Anybody could do it with prep. I’d give it 🍌🍌🍌
 
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Awesome work, your rig looks great! Can we snag some of your pics for the Ironman website? Or to show give folks direction as to how good their rigs can look with our kit? Lemme know. Cheers! John
 

tbisaacs

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Awesome work, your rig looks great! Can we snag some of your pics for the Ironman website? Or to show give folks direction as to how good their rigs can look with our kit? Lemme know. Cheers! John

DM incoming
 
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Nice, my wife got me the no loop bumper for our 16 LC, a buddy and me installed today took a good 6 hours. He was able to solder daytime lights and blinkers. Question how do you like your winch? Any reason that one over the ironman one that are on sale currently?
 

tbisaacs

Where we’re going, we don’t need roads.
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Nice, my wife got me the no loop bumper for our 16 LC, a buddy and me installed today took a good 6 hours. He was able to solder daytime lights and blinkers. Question how do you like your winch? Any reason that one over the ironman one that are on sale currently?

I really like the winch. I considered the Ironman but the specs on the Apex are a lot better. I also had a 25% off coupon and paid right at $500 for it. I used it to yank a stuck Subaru out of ditch on a steep, snowy forest road and it worked great. The, build quality, line speed and features are impressive for the price.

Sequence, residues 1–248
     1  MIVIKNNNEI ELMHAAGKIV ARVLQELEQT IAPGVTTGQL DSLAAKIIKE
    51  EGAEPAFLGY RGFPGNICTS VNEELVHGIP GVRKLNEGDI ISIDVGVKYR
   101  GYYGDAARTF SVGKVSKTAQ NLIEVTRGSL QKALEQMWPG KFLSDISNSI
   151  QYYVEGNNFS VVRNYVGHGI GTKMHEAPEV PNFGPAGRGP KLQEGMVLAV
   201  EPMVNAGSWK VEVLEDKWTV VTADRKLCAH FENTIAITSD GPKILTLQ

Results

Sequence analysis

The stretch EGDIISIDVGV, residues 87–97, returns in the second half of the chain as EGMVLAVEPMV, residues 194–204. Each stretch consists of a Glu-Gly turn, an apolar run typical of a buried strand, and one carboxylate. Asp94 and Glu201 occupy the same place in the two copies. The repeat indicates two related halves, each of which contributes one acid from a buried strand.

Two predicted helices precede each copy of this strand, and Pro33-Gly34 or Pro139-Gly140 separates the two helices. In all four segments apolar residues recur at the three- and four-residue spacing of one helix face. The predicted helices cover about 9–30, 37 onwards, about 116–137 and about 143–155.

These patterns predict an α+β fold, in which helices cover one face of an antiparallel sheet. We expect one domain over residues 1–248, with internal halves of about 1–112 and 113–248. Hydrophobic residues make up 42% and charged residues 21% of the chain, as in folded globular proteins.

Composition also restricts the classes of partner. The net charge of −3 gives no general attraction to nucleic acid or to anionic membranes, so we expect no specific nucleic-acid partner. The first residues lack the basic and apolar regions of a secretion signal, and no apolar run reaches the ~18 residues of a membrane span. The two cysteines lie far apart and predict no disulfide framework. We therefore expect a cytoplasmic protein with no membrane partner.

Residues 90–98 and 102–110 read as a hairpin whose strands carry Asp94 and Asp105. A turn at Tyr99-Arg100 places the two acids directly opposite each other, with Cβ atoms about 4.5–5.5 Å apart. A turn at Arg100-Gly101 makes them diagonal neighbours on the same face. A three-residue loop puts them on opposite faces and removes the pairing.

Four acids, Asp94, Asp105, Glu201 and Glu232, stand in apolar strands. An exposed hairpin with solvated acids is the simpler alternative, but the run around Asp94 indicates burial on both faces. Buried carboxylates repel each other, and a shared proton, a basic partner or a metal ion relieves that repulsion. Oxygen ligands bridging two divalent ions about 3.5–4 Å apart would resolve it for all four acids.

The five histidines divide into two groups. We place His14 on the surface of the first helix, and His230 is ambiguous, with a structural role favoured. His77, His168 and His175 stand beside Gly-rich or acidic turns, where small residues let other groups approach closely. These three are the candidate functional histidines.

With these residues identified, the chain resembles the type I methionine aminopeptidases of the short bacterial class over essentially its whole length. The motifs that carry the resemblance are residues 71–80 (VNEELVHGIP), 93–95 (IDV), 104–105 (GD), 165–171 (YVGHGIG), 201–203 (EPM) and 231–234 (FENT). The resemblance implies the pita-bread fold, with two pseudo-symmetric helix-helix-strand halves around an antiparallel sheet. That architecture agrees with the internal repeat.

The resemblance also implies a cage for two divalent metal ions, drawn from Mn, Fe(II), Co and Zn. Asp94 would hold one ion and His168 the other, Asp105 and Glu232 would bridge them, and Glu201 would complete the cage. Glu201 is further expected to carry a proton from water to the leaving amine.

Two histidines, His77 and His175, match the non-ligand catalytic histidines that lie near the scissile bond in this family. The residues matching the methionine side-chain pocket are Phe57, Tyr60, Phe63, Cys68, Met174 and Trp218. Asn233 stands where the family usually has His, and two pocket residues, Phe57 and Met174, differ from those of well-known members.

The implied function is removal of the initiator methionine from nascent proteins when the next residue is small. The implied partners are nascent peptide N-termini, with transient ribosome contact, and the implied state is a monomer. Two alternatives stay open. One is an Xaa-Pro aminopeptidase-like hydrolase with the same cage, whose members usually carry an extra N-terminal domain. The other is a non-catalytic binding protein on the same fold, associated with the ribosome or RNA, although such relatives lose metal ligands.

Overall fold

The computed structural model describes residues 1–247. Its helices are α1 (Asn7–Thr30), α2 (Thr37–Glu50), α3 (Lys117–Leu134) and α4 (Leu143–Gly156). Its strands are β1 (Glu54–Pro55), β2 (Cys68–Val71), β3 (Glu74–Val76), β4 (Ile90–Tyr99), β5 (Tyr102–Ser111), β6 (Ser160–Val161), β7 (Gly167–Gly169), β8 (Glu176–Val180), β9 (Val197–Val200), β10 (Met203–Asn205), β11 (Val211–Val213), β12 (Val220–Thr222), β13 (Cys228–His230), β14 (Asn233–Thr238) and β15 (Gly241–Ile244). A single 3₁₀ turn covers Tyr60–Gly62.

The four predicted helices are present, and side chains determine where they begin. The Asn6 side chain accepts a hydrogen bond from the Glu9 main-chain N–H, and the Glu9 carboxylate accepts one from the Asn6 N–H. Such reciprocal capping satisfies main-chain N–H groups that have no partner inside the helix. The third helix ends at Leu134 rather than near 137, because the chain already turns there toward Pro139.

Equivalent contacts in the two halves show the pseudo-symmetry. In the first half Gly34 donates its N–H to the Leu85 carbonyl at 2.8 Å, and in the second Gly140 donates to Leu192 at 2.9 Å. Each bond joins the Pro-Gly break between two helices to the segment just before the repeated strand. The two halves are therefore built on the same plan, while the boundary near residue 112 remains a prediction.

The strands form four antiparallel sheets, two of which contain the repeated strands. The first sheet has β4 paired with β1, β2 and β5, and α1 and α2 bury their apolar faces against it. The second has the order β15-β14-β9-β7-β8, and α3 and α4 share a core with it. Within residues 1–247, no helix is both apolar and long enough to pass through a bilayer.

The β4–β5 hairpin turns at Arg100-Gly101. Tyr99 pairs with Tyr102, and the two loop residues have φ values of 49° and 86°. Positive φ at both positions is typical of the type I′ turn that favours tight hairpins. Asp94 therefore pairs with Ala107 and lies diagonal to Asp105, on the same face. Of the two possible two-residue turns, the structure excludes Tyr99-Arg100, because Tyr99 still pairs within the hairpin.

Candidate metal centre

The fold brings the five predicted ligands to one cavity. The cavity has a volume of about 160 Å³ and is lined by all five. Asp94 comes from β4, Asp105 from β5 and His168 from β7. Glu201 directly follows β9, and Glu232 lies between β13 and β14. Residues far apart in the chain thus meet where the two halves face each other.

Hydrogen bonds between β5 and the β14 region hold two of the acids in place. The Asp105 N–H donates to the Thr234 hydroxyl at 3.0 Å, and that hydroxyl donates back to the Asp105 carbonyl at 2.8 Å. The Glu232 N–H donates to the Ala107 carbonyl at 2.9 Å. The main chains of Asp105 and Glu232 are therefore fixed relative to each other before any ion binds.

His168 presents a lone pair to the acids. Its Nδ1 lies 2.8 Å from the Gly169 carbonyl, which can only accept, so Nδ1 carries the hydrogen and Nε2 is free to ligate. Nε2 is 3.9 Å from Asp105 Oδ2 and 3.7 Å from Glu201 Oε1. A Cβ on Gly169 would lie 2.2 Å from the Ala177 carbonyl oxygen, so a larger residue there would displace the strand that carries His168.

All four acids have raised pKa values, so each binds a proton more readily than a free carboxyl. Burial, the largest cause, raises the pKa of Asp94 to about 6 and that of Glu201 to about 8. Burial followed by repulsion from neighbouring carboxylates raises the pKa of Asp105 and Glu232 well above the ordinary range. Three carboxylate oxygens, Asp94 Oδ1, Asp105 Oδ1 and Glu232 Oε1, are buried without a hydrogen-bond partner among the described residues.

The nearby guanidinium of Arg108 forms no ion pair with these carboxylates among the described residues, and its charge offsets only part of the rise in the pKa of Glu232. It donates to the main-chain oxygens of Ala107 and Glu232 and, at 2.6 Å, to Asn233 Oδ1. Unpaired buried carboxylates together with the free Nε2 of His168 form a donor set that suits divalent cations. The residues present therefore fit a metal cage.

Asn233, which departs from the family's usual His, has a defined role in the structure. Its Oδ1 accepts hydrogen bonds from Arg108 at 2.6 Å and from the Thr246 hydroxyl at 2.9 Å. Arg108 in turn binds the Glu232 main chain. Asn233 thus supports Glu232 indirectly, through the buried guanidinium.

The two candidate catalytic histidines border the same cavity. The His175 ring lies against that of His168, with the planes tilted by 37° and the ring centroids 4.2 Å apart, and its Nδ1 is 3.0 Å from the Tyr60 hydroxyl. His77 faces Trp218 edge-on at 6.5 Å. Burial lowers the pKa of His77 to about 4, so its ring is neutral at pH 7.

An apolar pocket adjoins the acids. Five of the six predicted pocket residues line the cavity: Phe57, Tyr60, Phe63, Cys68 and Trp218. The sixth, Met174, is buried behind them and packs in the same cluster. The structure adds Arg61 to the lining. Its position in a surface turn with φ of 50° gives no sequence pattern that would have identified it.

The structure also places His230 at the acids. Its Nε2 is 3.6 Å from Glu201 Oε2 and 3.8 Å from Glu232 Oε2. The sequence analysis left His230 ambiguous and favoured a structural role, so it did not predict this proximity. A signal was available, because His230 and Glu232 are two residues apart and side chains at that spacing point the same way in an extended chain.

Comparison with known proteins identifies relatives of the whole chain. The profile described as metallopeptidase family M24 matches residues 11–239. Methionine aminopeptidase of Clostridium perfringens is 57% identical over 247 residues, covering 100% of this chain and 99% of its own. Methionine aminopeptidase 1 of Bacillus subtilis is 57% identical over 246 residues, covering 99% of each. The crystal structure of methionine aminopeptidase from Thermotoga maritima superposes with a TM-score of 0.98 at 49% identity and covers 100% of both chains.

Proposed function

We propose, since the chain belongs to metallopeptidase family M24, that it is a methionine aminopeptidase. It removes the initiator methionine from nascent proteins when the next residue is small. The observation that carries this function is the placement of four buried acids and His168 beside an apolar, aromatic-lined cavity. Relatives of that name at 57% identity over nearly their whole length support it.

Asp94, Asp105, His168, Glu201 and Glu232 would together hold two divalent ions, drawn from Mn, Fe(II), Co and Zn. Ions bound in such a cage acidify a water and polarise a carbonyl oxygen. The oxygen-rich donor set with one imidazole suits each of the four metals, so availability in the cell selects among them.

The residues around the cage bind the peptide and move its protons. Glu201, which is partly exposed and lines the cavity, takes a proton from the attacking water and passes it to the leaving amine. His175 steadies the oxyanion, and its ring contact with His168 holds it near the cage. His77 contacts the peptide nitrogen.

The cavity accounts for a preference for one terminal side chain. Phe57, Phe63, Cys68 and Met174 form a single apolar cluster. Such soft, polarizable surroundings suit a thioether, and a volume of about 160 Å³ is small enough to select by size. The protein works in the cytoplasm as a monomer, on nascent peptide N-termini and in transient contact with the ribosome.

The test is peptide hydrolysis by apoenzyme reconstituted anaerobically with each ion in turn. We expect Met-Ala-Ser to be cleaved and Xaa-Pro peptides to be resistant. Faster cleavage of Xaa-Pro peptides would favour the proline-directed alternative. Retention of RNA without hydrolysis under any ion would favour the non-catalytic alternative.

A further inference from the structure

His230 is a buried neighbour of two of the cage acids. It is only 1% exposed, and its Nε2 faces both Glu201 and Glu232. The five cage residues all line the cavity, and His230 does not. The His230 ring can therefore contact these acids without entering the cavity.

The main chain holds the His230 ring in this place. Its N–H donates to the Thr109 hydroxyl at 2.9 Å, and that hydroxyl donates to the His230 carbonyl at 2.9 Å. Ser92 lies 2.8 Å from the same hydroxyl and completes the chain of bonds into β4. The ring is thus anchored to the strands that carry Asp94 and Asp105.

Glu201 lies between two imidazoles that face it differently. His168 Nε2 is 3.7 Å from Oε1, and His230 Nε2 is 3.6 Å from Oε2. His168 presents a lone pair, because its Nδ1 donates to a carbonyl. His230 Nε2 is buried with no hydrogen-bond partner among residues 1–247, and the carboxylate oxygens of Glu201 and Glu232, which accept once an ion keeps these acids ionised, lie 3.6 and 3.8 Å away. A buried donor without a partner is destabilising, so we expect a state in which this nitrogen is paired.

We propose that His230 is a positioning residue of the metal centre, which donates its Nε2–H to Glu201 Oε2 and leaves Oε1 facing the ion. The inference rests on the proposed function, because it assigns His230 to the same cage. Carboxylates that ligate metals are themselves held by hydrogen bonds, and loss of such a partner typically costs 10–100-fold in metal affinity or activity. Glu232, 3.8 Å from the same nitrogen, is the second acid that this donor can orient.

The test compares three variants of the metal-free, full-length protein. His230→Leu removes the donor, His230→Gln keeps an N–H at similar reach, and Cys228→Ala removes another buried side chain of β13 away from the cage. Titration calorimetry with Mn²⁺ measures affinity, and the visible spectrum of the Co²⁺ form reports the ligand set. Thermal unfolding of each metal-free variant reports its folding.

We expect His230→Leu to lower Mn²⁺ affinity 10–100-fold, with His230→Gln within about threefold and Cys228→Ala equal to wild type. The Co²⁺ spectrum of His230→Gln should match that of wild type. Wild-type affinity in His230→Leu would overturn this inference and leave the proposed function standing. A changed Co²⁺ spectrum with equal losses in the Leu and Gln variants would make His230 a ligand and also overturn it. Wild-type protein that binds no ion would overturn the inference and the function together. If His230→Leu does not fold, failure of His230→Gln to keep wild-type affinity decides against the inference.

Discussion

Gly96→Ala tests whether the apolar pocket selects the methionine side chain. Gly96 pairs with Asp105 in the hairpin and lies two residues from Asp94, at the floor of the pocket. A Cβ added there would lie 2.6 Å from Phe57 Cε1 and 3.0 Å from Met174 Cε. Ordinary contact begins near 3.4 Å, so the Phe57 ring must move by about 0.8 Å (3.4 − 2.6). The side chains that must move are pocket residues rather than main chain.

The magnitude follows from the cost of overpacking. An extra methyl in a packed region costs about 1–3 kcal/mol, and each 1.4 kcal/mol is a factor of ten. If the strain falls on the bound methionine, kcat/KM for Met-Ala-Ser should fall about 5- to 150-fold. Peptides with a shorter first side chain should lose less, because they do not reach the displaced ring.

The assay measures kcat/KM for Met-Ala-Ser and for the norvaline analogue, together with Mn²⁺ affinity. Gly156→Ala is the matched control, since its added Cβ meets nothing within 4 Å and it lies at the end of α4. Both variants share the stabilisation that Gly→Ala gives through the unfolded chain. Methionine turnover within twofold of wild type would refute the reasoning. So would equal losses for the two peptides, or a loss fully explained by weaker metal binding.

The Apex does barely fit though. For example the mounting plate to relocate the control box is about 1/4” deeper than the bumper.
 

tbisaacs

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What did you do with the squadrons? Were they too large for the fog light slot the IronMan bumper comes with?

Sitting on my work bench laughing at me. There is no way they will work without significant modification.

The BD lights are smaller in diameter than the IM fogs but 2x deeper. In order for them to look right you'd need to push them way back in the fog light pocket. But their length prevents that.

Even if you push the light as far back as it can go in the pocket, it still hangs out.

90754F44-D7A3-46E4-AA53-EEC387A47F9D.jpeg



1DE9DE46-A444-444A-B803-D973ADA28609.jpeg
 

tbisaacs